There are two divergent schools of thought currently, with some looking at the big picture, more or less ignoring the daily fireworks, and pointing to the supply demand equation and saying that it is virtually impossible for the market to come down much in the next few months. Others are pointing to the fact that buyers of fabric and garment had just started to accept the new season prices, and have now been walloped with a further significant increase, and those buyers are currently refusing to entertain such a sudden increase in prices. This scenario would lead to a correction in the near term to give back half, if not all of the increase of last week.

A US50c increase in itself is not an insurmountable mountain for the market to absorb. However, it does come on the back of 20c the week before, and at a time when the market was trying to consolidate the gains from the previous six months and plenty of price discussions were taking place about what might be possible for the new season garment and fabric orders. More significantly buyers in China have seen an even larger price increase of almost 10 per cent in the last month as their own currency has devalued against the stronger US dollar. This means that their wool purchases, predominately made in US dollar are getting much more expensive at a time when demand in China is slow.

At the same point last year, the Australian market did see a sizeable correction when Chinese demand shut down temporarily and the market retraced all the early season gains it had made. At that time fake fur demand from China had been the single driver for the surge in medium Merino prices, but this season thus far has been different. Demand has been more widespread, both in micron category and geographically with Europe playing a bigger part and India also having a go.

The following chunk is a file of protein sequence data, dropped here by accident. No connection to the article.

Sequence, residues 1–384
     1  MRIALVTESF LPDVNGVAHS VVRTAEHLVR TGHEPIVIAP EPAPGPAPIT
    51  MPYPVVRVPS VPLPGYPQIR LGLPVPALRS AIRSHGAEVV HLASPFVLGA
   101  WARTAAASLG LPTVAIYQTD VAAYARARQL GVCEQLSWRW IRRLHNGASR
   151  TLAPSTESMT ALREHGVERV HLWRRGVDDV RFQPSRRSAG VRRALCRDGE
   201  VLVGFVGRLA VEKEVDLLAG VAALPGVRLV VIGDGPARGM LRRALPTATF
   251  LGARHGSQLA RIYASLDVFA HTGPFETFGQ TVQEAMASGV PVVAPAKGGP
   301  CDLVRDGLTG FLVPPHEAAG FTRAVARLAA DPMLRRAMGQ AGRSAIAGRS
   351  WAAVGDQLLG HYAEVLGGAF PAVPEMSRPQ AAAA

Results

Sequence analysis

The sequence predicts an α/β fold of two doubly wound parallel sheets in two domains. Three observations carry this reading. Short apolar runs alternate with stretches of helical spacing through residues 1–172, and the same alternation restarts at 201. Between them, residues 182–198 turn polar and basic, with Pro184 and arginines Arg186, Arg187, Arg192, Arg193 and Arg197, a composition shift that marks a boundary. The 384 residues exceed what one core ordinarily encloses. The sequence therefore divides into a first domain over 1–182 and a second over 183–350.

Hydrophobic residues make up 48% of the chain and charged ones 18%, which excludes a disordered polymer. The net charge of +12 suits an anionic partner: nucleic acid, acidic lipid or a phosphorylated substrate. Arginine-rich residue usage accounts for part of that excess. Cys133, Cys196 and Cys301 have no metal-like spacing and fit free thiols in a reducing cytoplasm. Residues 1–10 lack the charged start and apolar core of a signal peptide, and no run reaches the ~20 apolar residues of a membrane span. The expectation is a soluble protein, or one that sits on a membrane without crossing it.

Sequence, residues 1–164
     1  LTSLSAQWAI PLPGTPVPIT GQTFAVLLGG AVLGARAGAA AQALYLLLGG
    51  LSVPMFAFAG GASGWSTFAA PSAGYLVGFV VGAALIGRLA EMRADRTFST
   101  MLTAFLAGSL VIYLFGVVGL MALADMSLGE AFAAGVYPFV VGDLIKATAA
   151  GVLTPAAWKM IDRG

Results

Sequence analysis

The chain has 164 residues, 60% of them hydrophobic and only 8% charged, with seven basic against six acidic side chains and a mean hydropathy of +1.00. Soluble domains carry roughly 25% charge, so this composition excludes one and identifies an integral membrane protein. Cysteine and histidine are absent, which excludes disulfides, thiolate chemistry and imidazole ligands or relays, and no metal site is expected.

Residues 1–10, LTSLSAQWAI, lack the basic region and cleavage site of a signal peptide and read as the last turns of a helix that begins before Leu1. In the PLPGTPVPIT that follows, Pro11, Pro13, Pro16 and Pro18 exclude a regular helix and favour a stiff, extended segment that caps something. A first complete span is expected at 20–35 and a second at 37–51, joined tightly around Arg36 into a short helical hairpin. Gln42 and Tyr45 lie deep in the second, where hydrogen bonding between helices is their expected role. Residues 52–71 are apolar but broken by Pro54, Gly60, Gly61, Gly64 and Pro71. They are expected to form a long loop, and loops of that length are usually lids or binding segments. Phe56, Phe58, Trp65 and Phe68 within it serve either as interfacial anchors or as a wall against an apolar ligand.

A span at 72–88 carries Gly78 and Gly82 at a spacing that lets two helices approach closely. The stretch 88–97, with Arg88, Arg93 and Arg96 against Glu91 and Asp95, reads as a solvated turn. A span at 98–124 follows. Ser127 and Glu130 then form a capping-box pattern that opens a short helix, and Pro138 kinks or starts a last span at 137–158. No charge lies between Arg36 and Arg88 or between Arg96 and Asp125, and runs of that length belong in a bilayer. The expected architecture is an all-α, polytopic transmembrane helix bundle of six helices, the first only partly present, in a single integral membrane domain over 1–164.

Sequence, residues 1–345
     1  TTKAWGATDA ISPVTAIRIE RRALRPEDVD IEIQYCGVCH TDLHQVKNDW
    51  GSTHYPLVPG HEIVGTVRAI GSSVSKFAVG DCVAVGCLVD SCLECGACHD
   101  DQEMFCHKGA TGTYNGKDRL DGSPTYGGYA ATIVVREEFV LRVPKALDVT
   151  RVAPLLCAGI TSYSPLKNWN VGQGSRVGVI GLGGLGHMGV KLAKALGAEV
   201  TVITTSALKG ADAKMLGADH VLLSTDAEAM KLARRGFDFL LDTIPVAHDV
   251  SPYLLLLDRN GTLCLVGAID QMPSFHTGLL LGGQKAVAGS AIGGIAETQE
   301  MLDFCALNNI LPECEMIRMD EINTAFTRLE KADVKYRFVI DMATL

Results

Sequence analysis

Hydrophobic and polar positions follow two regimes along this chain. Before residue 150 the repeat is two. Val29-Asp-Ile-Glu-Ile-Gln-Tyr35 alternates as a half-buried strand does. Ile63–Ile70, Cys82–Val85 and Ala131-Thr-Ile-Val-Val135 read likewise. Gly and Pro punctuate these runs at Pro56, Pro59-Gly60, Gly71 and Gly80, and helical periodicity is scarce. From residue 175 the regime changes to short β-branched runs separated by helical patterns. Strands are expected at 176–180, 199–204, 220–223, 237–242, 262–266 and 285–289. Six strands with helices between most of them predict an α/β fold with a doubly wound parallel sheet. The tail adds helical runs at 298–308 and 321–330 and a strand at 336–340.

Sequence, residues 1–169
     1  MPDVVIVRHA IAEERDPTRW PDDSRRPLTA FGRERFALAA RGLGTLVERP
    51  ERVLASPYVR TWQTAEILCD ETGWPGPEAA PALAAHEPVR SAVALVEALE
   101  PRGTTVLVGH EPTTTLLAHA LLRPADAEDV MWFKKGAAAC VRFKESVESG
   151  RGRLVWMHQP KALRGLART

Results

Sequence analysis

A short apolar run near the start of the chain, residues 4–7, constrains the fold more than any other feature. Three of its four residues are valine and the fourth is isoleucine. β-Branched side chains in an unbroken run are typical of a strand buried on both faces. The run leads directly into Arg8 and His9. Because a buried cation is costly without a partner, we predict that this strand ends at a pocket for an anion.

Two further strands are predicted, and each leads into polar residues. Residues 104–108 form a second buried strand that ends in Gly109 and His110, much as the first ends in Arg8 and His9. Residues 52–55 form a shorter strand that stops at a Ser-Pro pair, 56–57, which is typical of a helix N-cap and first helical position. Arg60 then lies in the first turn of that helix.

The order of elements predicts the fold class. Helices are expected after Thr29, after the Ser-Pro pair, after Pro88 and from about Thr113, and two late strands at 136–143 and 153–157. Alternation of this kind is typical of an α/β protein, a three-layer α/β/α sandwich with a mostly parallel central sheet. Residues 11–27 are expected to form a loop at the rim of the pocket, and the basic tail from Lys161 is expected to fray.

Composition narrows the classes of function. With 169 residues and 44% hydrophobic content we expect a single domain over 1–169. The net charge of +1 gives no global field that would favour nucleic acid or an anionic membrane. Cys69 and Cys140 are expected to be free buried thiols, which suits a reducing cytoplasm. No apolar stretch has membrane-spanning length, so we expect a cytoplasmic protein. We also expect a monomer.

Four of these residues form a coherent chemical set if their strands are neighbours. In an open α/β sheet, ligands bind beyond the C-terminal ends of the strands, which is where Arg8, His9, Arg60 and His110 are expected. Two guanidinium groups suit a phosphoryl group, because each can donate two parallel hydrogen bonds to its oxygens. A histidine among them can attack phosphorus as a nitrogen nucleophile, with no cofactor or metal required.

The only thing we can be certain about is that we will see some volatility in coming weeks and months. There is plenty of angst around the globe which will keep the currency markets moving. President Trump now says that a strong US dollar is a good thing because it shows support for his economic policies. A strong US dollar is not at all favourable for emerging countries as their debt is predominantly held in US dollar.

Turkey seems to be in all sorts of strife at the moment with their debt increasing each time the Lira is devalued. Current year to date is something like a 40pc increase in their mainly Euro debt thanks to some questionable economic policies. How that will affect the likes of Spain which holds the majority of this debt should it come to a default or IMF bailout situation is a question surely to be high on the agenda at European government meetings shortly.

China is proactively engaging in dialogue with the Trump administration to try and head off any further damaging tariff salvos given that their own economy is showing more serious signs of slowing. All the while the Aussie dollar is being shorted as a proxy for risk and bad news in general. This will mean that growers in Australia may well be shielded from any downturn in prices in the short term, but it has been an increase in demand which got us to this price level in the first place, so the industry dearly wants that to continue.

- Bruce McLeish is Elders’ northern zone wool manager. 

RELATED STORY: ‘Wool market reopens with mixed results’.